Skip to Main Content

We have a new app!

Take the Access library with you wherever you go—easy access to books, videos, images, podcasts, personalized features, and more.

Download the Access App here: iOS and Android



Mr. D is a 40-year-old white man who complains of dizziness. His past medical history is unremarkable except for controlled hypertension. Detailed questioning reveals that he has had a constant spinning sensation for the last 3–4 days. He has no history of similar episodes or hearing loss. Although head movement exacerbates the symptom, it is persistent even when he is still.

image At this point, what is the leading hypothesis, what are the active alternatives, and is there a must not miss diagnosis? Given this differential diagnosis, what tests should be ordered?


As noted in the beginning of the chapter the first pivotal point in dizzy patients distinguishes vertigo from near syncope or dysequilibrium (see Figure 14-1). Clearly, Mr. D is suffering from vertigo. The second step searches for CNS signs or symptoms that might suggest central vertigo (Figure 14-3). This requires a careful neurologic history and exam searching for cranial nerve or cerebellar findings.


Mr. D denies any history of significant headaches. He denies any history of prior or current neurologic complaints, such as diplopia, visual loss, ataxia, or unexplained motor or sensory symptoms. He does note some intermittent nausea. On physical exam his vital signs are BP, 126/82 mm Hg; pulse, 74 bpm; RR, 16 breaths per minute; temperature, 37.0°C. HEENT exam reveals that his pupils are equal, round, react to light and accommodation. Extraocular movements are intact. Neurologic exam reveals normal gait, motor strength, sensation, negative Romberg sign, and intact cranial nerves.

Mr. D has no obvious symptoms or signs to suggest central vertigo. As noted above, the next step in vertiginous patients without obvious CNS symptoms or signs is to review the time course of the vertigo as well as its trigger to determine the appropriate evaluation and differential diagnosis (see Figure 14-3).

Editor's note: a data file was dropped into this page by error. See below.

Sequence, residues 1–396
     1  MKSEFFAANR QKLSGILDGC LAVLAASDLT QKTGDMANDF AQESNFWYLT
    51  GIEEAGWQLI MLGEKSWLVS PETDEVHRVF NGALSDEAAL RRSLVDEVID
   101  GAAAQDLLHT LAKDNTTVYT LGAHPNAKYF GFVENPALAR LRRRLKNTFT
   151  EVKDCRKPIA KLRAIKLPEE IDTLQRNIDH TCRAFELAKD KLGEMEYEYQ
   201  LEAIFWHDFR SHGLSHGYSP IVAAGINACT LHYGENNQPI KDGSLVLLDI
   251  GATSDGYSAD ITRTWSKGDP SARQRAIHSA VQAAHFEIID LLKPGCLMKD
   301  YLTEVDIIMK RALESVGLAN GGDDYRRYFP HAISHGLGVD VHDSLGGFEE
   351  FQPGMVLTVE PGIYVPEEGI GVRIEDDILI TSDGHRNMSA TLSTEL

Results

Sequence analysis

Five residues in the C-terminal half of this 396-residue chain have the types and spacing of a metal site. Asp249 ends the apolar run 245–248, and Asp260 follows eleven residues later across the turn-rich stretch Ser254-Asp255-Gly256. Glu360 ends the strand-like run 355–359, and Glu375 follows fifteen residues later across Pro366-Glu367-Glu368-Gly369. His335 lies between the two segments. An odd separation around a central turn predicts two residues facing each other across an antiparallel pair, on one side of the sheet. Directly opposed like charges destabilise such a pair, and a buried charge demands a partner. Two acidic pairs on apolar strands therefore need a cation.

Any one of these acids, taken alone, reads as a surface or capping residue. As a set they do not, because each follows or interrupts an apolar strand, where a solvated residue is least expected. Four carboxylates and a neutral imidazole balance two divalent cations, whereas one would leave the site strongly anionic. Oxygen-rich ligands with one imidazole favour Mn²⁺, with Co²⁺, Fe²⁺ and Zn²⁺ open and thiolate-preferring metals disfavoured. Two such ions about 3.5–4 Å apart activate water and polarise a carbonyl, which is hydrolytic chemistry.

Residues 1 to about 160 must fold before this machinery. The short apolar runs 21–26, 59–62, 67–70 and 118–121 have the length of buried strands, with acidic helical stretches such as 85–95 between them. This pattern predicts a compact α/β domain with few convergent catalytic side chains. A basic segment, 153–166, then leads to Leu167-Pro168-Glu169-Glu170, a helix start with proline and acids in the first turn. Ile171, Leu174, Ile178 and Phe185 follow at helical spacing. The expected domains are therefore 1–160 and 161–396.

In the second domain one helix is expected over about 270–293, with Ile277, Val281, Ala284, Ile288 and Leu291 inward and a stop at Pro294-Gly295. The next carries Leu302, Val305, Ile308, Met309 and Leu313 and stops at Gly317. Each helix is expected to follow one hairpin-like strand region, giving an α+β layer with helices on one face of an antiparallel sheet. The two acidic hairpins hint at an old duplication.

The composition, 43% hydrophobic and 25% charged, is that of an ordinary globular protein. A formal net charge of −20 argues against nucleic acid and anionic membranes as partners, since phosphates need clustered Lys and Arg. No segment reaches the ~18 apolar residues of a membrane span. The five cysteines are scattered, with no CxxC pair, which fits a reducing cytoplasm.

Mr. D repeats that his vertigo has been present for days. He reports that head motion makes it worse, but that it is also present even while he is still. He has never had any prior similar episodes.

Unlike our first patient Mr. J, Mr. D has vertigo that is continuous, lasting for days and spontaneous (that is present even without head motion). Patients with a single prolonged episode (days) of spontaneous vertigo (present without motion) are classified as having the acute vestibular syndrome. Its differential diagnosis includes vestibular neuritis, stroke, and other CNS causes (ie, MS). Of these, vestibular neuritis is the most common and the leading hypothesis. Mr. D’s history of hypertension increases his risk of stroke, but his young age makes it less likely. He has not had any prior symptoms suggestive of MS (eg, diplopia, dysarthria, weakness) but this could still represent his initial presentation. Additionally, he has no history of cancer making metastatic disease unlikely but a primary CNS neoplasm ...

Pop-up div Successfully Displayed

This div only appears when the trigger link is hovered over. Otherwise it is hidden from view.